paying for care and having access to private or employment-based health insur-
ance significantly reduces the risk of incurring catastrophic out-of-pocket expen-
diture. When other costs related to health care seeking are included (food and
transportation, for example), the probability of suffering from the broader con-
cept of catastrophic health care–related expenditure actually increases. The author
puts forward two main reasons for this counterintuitive result. First, the sickest
people self-select into the prepayment scheme and their out-of-pocket payments
may have been even higher had they not been insured. (Because of data limita-
tions the author cannot control for this unobserved heterogeneity.) Second, and
more important, the prepayment scheme facilitates access, but once inside the
health system prepayments may induce the consumption of more costly health
services. Likewise, Trivedi (2002) finds some evidence that Vietnam’s voluntary
health insurance scheme increased out-of-pocket expenditures, even though the
effect was no longer significant when commune-fixed effects were included in the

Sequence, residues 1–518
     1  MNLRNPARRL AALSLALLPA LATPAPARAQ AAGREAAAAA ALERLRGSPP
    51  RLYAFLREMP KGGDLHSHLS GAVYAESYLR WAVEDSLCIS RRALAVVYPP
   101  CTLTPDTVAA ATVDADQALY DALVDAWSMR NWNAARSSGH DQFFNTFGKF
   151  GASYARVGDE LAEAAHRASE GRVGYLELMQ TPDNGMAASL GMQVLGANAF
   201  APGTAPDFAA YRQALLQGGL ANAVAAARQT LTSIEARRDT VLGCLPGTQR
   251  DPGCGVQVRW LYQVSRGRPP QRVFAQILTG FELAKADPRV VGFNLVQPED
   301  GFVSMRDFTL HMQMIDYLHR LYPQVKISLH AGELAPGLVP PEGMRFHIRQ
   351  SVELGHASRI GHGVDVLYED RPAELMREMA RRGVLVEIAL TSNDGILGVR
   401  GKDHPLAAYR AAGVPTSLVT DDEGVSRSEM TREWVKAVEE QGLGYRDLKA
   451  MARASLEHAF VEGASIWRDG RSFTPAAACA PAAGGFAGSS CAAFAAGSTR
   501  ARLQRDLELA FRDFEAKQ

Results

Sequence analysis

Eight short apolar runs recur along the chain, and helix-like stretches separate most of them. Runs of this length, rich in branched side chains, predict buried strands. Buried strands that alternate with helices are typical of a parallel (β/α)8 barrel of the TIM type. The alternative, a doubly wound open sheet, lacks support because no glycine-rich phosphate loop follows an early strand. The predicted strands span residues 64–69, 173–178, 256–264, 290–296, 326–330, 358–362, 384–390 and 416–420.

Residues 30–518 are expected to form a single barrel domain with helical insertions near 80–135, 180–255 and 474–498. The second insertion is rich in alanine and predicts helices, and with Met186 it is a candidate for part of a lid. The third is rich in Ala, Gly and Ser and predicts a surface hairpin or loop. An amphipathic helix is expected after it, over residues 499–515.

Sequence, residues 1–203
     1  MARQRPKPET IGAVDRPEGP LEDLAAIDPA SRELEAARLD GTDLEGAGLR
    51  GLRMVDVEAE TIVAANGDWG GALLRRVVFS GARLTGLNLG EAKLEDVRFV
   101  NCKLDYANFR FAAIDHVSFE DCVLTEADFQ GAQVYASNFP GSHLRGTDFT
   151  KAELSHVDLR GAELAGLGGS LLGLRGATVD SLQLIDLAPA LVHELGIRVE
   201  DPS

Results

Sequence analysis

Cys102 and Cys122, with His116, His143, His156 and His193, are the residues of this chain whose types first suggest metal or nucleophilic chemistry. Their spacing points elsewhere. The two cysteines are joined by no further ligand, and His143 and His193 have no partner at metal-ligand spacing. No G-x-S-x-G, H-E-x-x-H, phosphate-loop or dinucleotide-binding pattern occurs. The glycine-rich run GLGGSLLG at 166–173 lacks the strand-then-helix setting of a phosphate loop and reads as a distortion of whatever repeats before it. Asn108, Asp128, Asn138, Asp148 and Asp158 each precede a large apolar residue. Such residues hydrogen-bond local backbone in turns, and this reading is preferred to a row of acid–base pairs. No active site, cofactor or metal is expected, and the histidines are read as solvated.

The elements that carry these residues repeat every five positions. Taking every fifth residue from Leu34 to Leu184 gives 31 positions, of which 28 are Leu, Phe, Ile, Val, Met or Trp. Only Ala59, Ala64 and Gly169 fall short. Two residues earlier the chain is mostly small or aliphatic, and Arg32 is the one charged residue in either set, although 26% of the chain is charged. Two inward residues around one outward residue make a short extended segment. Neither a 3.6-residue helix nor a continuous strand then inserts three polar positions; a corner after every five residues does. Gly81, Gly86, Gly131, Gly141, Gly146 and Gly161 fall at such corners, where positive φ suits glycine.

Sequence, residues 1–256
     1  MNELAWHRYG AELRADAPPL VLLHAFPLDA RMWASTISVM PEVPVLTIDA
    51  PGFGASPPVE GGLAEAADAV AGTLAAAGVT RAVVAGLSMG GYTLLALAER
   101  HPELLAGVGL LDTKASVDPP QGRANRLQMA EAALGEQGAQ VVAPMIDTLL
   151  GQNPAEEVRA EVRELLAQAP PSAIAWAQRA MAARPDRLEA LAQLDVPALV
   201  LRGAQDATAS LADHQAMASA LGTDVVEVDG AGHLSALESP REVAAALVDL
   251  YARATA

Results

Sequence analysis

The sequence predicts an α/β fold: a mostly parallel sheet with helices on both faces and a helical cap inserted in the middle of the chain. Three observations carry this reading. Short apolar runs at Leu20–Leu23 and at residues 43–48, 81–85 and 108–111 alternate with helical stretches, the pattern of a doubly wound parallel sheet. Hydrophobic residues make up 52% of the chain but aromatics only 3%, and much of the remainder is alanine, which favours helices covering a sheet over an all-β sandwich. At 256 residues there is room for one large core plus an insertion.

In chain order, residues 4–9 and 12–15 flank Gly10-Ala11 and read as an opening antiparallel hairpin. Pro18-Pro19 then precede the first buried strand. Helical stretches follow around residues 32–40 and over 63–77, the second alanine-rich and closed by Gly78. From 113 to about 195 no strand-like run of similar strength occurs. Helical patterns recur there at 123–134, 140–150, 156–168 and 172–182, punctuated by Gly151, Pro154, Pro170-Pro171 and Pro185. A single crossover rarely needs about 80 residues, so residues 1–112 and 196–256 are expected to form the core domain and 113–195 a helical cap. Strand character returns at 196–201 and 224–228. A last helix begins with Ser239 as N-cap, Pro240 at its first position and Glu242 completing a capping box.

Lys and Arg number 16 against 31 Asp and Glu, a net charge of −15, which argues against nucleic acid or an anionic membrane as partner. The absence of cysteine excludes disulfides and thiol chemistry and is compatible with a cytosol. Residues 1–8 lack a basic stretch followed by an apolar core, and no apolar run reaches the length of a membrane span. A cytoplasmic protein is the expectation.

22 Chapter 2
The findings are a clear invitation to further explore how health insurance
changes health care–seeking behavior in quality, quantity, type, and composition
when evaluating the impact of a health insurance scheme on out-of-pocket and
Only one study from the evidence base (Wagstaff and Pradhan 2005) goes beyond
evaluating whether health insurance reduces out-of-pocket or catastrophic pay-
ments and tries to understand whether health insurance helps reduce the impact
of illness on household consumption. Much more research of this type should be
undertaken because it helps us understand whether health insurance can really
mitigate the economic consequences of illness at the household level rather than
just indicate whether out-of-pocket spending rises or falls—or whether the level
might be catastrophic.
Impact of health insurance on health status
Health insurance improves health to the extent that it improves access to health
services that have a positive impact on health status. Even though the evidence is
still scarce, the interest from top researchers in documenting this causal link in
developing countries has grown. Only about a fifth of the studies in the evidence
base (12) evaluate the impact of health insurance on health status, but most of
them (9) are in the top two quartiles (7 in the top, 2 in the second).
The analysis here is based on results from the nine studies in the first two quar-
tiles. Several find no convincing evidence of an impact of health insurance on the